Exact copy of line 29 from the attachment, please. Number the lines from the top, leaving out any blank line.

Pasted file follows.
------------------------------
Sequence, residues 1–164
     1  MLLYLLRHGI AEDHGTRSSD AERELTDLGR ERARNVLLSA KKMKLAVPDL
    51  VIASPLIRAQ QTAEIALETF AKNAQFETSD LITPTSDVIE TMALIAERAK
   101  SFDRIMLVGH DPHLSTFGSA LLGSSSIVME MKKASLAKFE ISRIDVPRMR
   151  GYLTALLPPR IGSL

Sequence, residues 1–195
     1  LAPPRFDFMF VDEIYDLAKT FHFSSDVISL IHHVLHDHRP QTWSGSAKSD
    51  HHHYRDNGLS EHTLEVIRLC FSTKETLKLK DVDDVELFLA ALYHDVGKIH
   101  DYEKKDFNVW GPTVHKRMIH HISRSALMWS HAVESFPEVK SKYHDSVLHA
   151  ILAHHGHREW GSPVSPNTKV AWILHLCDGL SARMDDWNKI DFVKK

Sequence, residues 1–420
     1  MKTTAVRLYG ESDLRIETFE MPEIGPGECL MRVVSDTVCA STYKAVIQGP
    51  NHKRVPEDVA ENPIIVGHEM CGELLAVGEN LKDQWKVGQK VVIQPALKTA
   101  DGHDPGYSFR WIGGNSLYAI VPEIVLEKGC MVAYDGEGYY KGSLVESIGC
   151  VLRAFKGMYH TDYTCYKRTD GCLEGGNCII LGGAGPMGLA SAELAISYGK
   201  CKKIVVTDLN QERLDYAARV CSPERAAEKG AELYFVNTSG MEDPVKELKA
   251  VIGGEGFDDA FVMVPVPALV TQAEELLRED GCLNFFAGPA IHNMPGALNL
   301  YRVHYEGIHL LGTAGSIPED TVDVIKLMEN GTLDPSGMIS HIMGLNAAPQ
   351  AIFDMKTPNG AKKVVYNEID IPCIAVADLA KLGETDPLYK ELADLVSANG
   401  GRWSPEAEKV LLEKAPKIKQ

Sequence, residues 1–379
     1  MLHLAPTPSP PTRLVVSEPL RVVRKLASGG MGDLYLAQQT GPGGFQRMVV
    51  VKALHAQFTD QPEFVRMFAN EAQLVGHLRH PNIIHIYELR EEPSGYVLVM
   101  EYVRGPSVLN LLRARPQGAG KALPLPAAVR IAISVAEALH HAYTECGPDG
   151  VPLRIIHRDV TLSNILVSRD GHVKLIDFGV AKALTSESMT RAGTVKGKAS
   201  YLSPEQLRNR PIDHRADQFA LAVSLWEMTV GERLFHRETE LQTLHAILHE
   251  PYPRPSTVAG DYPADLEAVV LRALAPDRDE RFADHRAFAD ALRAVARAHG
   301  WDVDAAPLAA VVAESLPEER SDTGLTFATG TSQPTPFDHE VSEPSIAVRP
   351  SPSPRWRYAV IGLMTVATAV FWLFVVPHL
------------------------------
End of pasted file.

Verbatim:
   351  SPSPRWRYAV IGLMTVATAV FWLFVVPHL